It sounds like there are some really tough conversion issues in Europe. And from what I learned from word of mouth in Israel from European prospective converts there, it is almost impossible to convert in Europe. Many of the converts find themselves moving to Israel and America where they expect their conversions to run more smoothly.
So, of course, after a late dinner, I still dragged myself out to see Quantum of Solace, a mouthful of a name, in a local Yonkers theater with my husband and my little sister. My husband doesn't think Quantum was as good as Casino Royale with its witty repartee but all in all, we enjoyed ourselves. As promised by reviews I'd read, the director's quick cuts and jarring camera angles gave us a bit of motion sickness.
A day later, I find myself wishing I had unlimited funds lying around so I could see the topsyturvy film again and again. If I was willing to give up my expensive Lactaid milk, maybe I could afford to strap myself into a theater seat with some popcorn. My sister's last observation as we walked out of the theater she was utterly upset by the lack of nudity in the film as Daniel Craig may not be the prettiest Bond, she finds that he is certainly the most fit and rugged. I guess it's hard to please everyone.
P.S. Expect the worst Bond song ever.
Saturday, November 15, 2008
I went to a Taste of Limmud NY session on Thursday where racism was discussed. I was the only non-white person in a group session that discussed "racism" between Israeli Arabs and Israeli Jews. My first point was that using the term racism for these type of hate crimes was a misappropriation of the word. Most Israeli Arabs and Israeli Jews are NOT from a different race. The moderator quickly deflected my comments by turning to older folks in the group who had lived through the Civil Rights movement when "things were much worst in America." One person was shocked to see racism occuring in Israel because that "sort of thing doesn't happen in America."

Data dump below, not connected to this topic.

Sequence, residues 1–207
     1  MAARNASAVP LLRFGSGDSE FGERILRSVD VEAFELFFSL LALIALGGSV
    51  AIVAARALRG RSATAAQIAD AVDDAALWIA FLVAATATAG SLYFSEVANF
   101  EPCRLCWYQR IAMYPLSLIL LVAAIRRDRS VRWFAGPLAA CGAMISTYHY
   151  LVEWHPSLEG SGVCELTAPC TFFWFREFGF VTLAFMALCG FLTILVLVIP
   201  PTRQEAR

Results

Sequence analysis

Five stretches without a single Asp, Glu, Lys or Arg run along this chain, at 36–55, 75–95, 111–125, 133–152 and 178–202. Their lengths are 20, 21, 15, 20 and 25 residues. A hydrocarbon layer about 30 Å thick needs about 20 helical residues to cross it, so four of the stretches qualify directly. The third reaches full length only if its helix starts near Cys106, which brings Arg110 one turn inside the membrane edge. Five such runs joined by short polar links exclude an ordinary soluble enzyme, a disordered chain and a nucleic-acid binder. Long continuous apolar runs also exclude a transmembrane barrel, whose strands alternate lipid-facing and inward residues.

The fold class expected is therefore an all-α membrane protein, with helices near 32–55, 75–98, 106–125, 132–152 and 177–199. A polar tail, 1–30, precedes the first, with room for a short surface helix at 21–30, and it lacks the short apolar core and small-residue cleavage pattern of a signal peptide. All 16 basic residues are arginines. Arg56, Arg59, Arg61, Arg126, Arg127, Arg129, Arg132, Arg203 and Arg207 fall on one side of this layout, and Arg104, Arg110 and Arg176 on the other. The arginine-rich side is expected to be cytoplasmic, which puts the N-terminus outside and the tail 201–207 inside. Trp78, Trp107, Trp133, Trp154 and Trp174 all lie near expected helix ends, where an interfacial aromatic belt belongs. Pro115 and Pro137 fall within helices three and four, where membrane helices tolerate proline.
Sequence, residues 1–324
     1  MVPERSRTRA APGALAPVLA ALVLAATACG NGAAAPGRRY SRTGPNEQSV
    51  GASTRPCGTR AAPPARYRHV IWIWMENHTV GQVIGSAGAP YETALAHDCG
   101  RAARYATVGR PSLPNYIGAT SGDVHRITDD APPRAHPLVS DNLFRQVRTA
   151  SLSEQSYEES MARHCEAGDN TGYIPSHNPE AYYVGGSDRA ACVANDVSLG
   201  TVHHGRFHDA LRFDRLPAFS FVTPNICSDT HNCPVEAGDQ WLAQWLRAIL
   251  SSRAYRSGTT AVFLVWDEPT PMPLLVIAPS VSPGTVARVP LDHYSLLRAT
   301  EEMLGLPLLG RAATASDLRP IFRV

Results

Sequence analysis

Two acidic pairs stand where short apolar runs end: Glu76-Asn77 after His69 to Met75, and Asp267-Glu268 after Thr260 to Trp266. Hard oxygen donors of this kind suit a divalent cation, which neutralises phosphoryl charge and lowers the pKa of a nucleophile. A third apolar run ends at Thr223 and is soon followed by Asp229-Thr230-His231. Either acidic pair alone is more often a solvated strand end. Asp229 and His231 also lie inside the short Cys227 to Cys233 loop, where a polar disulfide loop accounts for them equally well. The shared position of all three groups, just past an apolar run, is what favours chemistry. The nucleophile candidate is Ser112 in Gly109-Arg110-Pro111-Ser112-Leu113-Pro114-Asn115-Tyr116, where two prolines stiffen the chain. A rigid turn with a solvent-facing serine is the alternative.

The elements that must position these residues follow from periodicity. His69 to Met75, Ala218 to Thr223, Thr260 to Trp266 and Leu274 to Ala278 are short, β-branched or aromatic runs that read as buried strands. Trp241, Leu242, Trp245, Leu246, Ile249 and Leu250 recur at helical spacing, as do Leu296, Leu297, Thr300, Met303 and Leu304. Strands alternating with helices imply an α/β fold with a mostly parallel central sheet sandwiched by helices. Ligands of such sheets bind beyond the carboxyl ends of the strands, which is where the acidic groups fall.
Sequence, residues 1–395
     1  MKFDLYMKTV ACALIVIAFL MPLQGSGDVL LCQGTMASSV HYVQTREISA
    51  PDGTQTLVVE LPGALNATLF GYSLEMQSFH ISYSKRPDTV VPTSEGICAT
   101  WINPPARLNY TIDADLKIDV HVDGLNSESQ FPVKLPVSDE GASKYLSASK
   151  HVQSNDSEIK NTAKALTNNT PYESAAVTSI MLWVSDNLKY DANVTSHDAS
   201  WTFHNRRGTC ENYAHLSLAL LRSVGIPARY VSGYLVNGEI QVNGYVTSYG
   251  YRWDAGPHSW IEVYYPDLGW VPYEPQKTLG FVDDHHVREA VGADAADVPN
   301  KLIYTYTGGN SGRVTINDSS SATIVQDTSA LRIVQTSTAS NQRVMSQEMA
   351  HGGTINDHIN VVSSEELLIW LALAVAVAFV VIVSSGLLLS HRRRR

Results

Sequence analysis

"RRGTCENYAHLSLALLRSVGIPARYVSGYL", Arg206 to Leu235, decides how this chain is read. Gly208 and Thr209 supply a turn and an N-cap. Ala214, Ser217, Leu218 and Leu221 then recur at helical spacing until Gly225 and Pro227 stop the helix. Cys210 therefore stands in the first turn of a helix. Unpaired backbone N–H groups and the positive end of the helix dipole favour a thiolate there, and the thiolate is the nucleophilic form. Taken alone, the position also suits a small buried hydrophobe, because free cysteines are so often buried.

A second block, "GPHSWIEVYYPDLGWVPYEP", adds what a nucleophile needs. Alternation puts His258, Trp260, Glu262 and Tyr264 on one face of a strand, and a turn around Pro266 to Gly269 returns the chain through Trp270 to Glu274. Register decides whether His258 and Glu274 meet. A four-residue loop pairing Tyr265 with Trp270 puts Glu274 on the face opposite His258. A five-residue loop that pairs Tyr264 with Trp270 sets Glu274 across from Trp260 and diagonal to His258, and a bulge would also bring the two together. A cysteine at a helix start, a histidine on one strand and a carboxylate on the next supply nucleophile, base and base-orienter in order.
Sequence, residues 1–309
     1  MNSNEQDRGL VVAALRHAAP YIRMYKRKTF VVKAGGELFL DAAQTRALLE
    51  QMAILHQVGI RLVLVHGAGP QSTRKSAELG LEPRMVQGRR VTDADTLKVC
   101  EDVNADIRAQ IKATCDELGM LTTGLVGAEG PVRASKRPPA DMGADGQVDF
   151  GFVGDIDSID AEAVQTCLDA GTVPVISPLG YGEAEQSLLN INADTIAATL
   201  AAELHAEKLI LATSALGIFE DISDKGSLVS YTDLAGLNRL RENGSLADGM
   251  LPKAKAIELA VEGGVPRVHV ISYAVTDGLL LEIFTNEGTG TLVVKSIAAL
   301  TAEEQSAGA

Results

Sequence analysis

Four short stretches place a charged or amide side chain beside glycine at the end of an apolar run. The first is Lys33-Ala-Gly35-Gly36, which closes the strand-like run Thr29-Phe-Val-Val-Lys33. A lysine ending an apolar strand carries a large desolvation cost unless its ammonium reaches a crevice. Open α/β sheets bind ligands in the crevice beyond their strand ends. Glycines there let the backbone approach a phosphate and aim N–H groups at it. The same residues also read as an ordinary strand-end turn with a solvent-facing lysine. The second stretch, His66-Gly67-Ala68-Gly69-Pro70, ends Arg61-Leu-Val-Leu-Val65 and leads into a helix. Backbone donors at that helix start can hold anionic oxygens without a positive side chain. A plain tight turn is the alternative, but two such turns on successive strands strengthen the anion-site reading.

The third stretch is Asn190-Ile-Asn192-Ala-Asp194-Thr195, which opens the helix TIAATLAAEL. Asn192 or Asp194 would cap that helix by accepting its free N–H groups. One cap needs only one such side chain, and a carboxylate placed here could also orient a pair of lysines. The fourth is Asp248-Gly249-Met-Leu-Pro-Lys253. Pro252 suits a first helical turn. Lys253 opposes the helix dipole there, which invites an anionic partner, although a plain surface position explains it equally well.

I was shocked, but only somewhat, to be surrounded by people so sheltered by today's brand of racism. In my experience, it's easy to be sheltered from racism when you're white. When you wear your race on your sleeve, when you're not white but "other," race and racism are a constant concern. My husband's eyes were opened when he and his parents were looking at properties in Riverdale and the white Jewish real estate agent asked where he was living now. "Washington Heights," my husband said. "Oh, don't worry, there aren't too many Hispanics here in Riverdale," the real estate agent assured him with no prompting from my husband.